E.g., Coup was nothing new, but it put the right mechanics together with a good theme and was polished to a high degree.
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razordaze wrote:

B.) Is a lack of "mechanical innovation" really a good reason to dislike a game? Seems like it's only a high priority for game designers and hipsters. Everyone else like to play board games that are fun, where the right mechanics have come together and been calibrated to create an actual game.

E.g., Coup was nothing new, but it put the right mechanics together with a good theme and was polished to a high degree.


To those who obsess about innovation, I often like to point out that the person who invented the bicycle didn't invent wheels, they just put them together in a really cool way.
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razordaze wrote:

E.g., Coup was nothing new, but it put the right mechanics together with a good theme and was polished to a high degree.


Agreed. Anything that appears "simple" can take a whole lot of skill to pull off well. Where other designers pile on contorted mechanics to make players do mental backflips just to earn end game points, I find that there is a natural flow to SM's games. Nothing jarring and nothing that feels tacked on. That is, aside from some of the extra stuff in the original Tuscany expansion.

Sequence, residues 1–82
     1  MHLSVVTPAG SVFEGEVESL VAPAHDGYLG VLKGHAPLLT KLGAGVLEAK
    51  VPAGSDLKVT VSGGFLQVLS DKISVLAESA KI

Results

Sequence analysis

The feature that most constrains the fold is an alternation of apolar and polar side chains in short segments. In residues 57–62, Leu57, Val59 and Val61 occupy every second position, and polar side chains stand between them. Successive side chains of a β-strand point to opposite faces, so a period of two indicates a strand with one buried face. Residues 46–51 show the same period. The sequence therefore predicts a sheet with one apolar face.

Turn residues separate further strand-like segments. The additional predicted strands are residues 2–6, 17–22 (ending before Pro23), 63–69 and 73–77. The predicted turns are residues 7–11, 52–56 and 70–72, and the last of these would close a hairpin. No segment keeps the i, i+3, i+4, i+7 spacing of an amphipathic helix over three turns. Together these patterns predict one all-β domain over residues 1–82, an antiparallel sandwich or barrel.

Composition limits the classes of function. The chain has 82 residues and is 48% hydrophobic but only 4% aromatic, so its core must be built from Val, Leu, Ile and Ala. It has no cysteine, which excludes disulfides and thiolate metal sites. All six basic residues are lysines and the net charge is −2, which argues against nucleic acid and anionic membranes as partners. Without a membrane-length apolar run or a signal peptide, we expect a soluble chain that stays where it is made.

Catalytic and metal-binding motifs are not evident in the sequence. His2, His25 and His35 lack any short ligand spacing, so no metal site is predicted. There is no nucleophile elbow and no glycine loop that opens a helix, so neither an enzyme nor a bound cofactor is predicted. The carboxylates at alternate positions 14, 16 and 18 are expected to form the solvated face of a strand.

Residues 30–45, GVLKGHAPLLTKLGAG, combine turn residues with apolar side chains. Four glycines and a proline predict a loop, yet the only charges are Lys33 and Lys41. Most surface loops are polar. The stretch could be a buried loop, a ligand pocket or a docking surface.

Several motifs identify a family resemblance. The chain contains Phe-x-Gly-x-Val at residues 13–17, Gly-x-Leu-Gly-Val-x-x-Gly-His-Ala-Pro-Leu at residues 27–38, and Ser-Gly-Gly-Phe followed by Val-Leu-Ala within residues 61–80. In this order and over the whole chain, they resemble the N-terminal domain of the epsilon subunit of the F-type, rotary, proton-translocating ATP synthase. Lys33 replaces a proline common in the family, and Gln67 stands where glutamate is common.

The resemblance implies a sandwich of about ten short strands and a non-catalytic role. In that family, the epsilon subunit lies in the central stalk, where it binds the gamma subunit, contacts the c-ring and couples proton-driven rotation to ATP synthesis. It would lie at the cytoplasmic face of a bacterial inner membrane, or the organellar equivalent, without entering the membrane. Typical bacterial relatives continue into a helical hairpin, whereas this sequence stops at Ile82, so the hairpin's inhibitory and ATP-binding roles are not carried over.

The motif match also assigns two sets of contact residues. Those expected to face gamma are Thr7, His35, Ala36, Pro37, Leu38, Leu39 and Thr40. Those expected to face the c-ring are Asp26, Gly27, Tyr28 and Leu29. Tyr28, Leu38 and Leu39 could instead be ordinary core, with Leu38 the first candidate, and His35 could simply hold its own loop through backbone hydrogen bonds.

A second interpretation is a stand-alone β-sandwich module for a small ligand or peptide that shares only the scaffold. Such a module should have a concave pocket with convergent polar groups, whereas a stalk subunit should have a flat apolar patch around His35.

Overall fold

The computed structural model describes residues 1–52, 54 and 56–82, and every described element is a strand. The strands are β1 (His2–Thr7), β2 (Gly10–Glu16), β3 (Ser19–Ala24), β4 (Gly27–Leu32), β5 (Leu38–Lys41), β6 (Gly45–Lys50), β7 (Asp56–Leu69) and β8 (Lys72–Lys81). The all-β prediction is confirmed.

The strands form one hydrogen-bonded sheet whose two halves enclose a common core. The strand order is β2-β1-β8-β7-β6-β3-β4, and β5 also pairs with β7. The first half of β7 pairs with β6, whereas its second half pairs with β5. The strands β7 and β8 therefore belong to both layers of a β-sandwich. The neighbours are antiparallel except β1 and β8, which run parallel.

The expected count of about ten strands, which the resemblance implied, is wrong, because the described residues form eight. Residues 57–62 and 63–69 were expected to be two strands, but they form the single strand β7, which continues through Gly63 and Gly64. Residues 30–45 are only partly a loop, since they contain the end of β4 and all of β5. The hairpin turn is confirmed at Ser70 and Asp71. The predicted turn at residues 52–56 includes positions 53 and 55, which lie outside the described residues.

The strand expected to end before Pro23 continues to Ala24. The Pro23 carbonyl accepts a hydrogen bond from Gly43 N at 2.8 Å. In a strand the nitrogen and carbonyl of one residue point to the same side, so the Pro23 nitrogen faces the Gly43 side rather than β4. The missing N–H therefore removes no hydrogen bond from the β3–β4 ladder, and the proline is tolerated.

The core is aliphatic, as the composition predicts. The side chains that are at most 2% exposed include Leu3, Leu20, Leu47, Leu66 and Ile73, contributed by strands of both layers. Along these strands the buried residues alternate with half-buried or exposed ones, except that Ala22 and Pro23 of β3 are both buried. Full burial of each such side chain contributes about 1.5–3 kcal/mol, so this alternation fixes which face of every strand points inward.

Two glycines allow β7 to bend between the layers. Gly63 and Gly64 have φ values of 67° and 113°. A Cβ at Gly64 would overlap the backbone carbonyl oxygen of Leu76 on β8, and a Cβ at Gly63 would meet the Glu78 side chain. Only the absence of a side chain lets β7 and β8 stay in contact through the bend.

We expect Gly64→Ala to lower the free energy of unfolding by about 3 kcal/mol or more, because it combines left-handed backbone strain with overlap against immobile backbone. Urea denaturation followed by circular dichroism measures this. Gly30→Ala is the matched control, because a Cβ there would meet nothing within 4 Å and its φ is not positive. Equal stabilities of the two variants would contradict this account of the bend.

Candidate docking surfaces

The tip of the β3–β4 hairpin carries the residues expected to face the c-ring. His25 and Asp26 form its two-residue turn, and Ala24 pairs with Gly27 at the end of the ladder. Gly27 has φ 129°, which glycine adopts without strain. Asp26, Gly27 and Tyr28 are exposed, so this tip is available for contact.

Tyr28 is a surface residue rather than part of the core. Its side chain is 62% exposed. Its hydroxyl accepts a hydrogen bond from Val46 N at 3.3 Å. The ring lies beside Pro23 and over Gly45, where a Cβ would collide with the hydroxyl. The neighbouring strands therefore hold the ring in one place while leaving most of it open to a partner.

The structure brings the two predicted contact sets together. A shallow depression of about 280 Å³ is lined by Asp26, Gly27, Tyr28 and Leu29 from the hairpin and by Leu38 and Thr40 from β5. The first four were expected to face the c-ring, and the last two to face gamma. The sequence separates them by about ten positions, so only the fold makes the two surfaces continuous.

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jwarrend wrote:
pacman88k wrote:
I've never seen a board game review that spends more time talking about faith and television shows than, you know, the board game.


I disagree strongly. I think reviews should be nothing more or less than thoughtful, critical engagement with the game, and drawing upon other material outside the game itself to interact with the game is highly welcome. Back when he was on ESPN, I used to listed to Colin Cowherd's radio show. I'm not really a sports fan, but his show used sports as a microcosm of life. It's much more intellectually engaging than shows that are just about stats or debating who belongs in the discussion about the greatest quarterback of all time. Same thing with game reviews -- by all means let's have more reviews that can connect a game's systems or the experience of playing a game to some outside experience or creative work!


There, I clarified for you by putting it in bold italics.

Look, I'm all for analogies. I think they're powerful and effective and use them myself. My point was that it's the majority of the review, so it really doesn't tell me much about the game itself either. This is especially true if I'm not familiar with the analogy he's using. Also, I've never heard of Colin Cowherd's radio show, so, you're kinda proving my point, dude.